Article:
Similarities And Differences Between Martin Luther King Jr And Malcolm X

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The 1960’s signified a time of progress in the struggle for African American rights. Two prominent leaders in this movement were Dr. Martin Luther King Jr. and Malcolm X. Malcolm X, born Malcolm Little, was a Muslim minister who believed the injustice that existed against African Americans could be solved through separatism and self-defense. On the other hand, Dr. Martin Luther King Jr., a Baptist preacher, felt that the road to justice would be paved through nonviolent protest and integration. Both figures challenged the oppression inflicted on the African American community, however each individual championed different portrayals of their appeal to ethos, pathos, and logo to convey their belief that America needed an immediate change in the unjust social, economic, and political systems that existed at the time.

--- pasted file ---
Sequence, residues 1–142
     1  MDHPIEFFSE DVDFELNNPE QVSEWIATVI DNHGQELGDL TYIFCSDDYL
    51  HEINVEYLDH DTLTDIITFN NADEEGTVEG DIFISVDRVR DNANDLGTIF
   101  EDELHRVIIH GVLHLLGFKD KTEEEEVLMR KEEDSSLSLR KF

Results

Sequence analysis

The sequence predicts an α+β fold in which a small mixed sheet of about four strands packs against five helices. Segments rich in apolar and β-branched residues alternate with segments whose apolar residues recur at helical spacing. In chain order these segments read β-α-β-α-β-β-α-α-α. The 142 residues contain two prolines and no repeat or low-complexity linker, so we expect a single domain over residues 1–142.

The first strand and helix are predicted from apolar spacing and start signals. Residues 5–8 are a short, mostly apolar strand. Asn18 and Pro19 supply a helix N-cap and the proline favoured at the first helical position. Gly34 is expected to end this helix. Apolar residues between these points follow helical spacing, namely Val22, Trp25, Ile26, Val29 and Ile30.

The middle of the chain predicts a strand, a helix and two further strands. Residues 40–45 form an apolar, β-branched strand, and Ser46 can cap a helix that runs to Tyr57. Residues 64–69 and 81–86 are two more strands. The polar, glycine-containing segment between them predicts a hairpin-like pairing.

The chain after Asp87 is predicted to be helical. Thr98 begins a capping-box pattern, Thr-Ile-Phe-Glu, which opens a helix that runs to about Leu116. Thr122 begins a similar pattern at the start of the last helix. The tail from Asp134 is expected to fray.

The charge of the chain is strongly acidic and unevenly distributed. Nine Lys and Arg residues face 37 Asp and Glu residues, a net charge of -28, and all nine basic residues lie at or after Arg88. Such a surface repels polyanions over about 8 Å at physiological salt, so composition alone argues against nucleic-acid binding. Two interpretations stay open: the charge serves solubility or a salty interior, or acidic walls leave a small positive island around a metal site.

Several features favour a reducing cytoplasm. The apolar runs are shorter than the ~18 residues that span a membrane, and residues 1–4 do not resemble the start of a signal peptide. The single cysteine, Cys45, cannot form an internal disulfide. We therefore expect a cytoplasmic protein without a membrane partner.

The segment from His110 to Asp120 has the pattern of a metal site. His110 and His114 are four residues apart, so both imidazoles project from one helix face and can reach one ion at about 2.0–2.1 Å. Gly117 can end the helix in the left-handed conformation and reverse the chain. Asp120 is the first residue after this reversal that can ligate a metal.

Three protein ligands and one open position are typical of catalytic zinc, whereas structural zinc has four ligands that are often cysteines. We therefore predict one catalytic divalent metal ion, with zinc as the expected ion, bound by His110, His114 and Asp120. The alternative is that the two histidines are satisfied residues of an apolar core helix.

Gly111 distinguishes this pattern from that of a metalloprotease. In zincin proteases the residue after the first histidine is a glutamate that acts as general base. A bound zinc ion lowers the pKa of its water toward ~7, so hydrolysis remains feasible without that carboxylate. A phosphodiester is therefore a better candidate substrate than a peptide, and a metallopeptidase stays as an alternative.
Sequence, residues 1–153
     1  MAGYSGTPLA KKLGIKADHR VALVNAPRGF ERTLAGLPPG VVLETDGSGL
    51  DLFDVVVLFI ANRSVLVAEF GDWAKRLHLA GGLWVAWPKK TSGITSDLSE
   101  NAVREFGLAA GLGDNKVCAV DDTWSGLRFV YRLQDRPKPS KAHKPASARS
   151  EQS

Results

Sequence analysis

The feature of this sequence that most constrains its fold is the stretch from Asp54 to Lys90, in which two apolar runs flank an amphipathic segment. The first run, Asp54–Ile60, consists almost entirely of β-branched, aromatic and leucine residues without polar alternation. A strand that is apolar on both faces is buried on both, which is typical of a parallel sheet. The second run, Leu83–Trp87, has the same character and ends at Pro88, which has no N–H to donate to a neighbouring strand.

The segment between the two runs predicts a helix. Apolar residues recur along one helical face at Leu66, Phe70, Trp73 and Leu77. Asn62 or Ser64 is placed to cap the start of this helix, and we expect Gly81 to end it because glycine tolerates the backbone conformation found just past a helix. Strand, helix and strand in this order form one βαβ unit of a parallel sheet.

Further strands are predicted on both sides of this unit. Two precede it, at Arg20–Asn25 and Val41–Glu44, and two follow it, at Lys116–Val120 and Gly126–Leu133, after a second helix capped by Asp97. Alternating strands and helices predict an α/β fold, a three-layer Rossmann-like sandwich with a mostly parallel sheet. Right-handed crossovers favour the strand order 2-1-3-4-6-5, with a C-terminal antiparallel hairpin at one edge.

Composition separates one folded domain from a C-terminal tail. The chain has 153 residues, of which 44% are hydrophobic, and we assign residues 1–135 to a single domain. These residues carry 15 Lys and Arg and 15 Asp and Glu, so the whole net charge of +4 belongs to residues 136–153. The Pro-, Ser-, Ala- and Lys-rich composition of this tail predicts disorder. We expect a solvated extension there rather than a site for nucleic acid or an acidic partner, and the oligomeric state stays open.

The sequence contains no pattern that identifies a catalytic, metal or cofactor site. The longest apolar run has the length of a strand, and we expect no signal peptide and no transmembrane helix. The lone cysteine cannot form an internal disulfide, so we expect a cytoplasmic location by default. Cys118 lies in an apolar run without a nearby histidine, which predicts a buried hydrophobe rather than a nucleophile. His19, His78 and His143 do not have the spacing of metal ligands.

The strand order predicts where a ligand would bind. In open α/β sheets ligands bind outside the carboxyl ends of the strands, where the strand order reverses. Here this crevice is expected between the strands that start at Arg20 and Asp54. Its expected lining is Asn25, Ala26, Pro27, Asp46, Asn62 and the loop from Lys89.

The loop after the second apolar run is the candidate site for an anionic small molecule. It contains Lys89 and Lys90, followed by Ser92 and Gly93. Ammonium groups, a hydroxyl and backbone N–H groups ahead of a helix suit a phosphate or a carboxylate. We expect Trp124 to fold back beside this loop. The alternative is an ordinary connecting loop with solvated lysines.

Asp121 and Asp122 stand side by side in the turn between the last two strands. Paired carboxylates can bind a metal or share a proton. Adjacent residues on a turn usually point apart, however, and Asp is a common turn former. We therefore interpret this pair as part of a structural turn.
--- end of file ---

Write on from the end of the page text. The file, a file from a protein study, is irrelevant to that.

Malcolm X and Martin Luther King Jr. grew up in an era where discrimination against African Americans was a reality for them at a young age. After a white supremacist group had murdered his father, it was apparent that white people were an evil enemy to young Malcolm X. Martin Luther King first experienced discrimination when his white playmate's father forbade him to continue playing with his son. These were the realities of the time period, and both figures had been introduced to the injustice and discrimination of African Americans at a young age. Malcolm X entered a life full of vice, landing himself in prison for seven years. However, during these seven years, he educated himself, chasing knowledge to further himself intellectually in order to understand and combat the race issue that existed in America. On the other hand, Dr. King, attended college at the age of fifteen and had the privilege of receiving a formal education. He soon earned his doctorate degree in Systematic Theology. While one was educated at Charleston State Prison and the other at Boston University, both encompassed a vison in which African Americans would not be treated as inferior citizens, challenging the racist institutions that held their people back from prosperity in America.
In 1964, X gave his notable speech “The Ballot or the Bullet” in Cleveland, Ohio. He speaks to America about the importance of the African
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